Hang them High! (1968)
The man who survived a lynching returns as a lawman to bring the vigilantes to justice after he narrowly escaped death. As a result of his recent success in the western spaghetti genre, Clint Eastwood was in high demand. In addition to Inger Stevens, Pat Hingle, Ed Begley, and Ben Johnson, the cast also includes Ed Begley.
If You're Willing to Pay a Little Extra (1965)
Clint Eastwood, Ennio Morricone, and Sergio Leone make For a Few Dollars More a genre masterpiece that deserves its place in the annals of cinematic history.
Two bounty hunters, Clint Eastwood and Lee Van Cleef work together to find an escaped Mexican outlaw. The music of Ennio Morricone, a maestro of the genre, is no less heavenly. It's often overlooked in the “Man with No Name” trilogy, but it's just as enjoyable, if not more so.
The Pale Rider Is Number Six (1985)
Since The Outlaw Josey Wales, Clint Eastwood has returned to the genre that made him famous as a director in an exquisite, spiritual Western riffing on Shane.
It was nearly a decade since Eastwood returned to the Western genre with a more brutal style in this tale of a mysterious preacher who rescues a little mining town from a greedy mining conglomerate. Richard Kiel, better known as Jaws from the James Bond films, is on the loose. Michael Moriarty, Carrie Snodgress, and Sydney Penny also star in this film. The following is an excerpt from “HBO Max.”
No. 5: Honky Tonk Man (1982)
According to the critics' consensus, Clint Eastwood succeeds in Honkytonk Man by showing his more tender side, a charming and heartwarming road movie that moves along nicely.
With his rascal uncle, a talented young musician sets out on a mission to perform on stage. As a road movie rather than a typical Western, it echoes some of the genre's best-loved motifs, including Eastwood's odd mentorship of his young nephew, played by Eastwood's son Kyle.
4) Drifter on the High Plains (1973)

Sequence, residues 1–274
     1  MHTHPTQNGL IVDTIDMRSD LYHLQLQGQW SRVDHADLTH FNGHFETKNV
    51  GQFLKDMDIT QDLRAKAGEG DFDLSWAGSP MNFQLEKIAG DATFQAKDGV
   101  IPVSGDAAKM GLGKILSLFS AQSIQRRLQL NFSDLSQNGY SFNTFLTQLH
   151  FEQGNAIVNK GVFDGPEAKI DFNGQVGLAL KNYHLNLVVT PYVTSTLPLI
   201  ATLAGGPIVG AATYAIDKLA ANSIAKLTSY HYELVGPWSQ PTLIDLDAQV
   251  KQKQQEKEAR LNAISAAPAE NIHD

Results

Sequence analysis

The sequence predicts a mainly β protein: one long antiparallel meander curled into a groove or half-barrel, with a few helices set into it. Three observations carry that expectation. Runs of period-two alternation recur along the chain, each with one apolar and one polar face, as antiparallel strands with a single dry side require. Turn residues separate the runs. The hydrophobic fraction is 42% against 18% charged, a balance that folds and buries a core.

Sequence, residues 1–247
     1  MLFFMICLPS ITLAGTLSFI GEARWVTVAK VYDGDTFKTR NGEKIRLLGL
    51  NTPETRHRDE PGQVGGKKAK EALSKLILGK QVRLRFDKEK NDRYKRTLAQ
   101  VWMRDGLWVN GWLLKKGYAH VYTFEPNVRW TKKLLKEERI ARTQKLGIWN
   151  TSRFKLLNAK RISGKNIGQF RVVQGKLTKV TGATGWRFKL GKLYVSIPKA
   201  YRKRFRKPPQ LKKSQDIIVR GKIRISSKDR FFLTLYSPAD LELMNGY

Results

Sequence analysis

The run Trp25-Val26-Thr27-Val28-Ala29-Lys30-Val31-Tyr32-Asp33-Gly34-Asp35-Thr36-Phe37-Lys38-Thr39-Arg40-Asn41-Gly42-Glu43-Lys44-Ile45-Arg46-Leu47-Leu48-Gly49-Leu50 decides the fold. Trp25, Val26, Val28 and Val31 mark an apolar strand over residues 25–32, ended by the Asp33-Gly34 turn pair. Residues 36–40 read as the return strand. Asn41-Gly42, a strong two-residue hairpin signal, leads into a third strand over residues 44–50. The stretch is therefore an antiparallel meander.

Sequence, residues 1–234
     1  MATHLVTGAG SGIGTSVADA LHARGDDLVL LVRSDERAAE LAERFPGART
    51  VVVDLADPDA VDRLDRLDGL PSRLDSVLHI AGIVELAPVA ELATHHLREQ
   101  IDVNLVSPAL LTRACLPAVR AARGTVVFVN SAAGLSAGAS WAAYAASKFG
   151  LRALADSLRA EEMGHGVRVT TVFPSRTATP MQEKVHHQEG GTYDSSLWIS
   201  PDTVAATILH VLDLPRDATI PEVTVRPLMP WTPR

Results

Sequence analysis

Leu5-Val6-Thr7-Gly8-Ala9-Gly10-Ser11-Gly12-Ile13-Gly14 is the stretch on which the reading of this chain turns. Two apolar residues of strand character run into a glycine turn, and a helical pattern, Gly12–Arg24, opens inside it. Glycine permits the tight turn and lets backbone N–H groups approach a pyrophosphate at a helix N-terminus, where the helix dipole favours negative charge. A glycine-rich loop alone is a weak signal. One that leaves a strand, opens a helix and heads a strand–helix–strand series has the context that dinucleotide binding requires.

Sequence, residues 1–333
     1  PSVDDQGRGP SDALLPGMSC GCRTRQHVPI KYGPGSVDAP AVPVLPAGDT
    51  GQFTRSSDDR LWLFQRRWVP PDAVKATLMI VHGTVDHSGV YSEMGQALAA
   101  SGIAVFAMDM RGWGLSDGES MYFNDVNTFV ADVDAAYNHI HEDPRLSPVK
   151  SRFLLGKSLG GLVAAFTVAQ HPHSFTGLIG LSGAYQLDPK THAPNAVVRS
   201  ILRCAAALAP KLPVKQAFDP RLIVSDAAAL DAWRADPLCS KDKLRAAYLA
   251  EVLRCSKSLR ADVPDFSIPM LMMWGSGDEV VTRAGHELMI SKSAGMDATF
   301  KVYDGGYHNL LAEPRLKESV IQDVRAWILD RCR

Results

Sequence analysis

Critics agree that Clint Eastwood's second film as a director is one of his most memorable Westerns, as he returns to the saddle as a mysterious stranger.
A gun-toting stranger arrives in a tiny town, where he is recruited to unite the people to fend off three bandits. The second-ever directing effort by Eastwood, “Play Misty for Me,” is a fan favorite.
3) Inexplicable Apologies (1992)
Critics Consensus: Clint Eastwood strips the Wild West of decades of Hollywood gloss and emerges with a sequence of savagely powerful observations about violence's nature. This is a Clint Eastwood movie, both as an actor and director.
This gloomy Western, which some have dubbed an “anti-western,” stars Clint Eastwood as a retired assassin who returns to killing after years of farming. William Munny, an aging and confused criminal who thought he had left behind a life of murder until it resurfaced in his latter years, is Eastwood's most nuanced performance as a director and performer.
It's beautifully photographed, and Gene Hackman (who won an Oscar for his role), Morgan Freeman, and Richard Harris round out a stellar cast. The following is an excerpt from “HBO Max.”
2) The Positive, Negative, And Negative (1966)
Overall, the critics agree that this epic is the best spaghetti western ever made, with a gripping tale, remarkable cast, stunning scenery, and an eerie score.
The “Man with No Name” trilogy, directed by Sergio Leone, helped establish Clint Eastwood as a leading man superstar. Once again, the simple choice is the operatic conclusion that includes three hours of huge showdowns, surprising humour, Ennio Morricone's sweeping score, and Eastwood in all of his cigar-chomping glory, alongside Eli Wallach and Lee Van Cleef, in front of Ennio Morricone.
1) A Bunch of Cash (1964)
With Yojimbo as a guide, Sergio Leone's A Fistful of Dollars helped usher in Clint Eastwood's illustrious career as the star of the Western.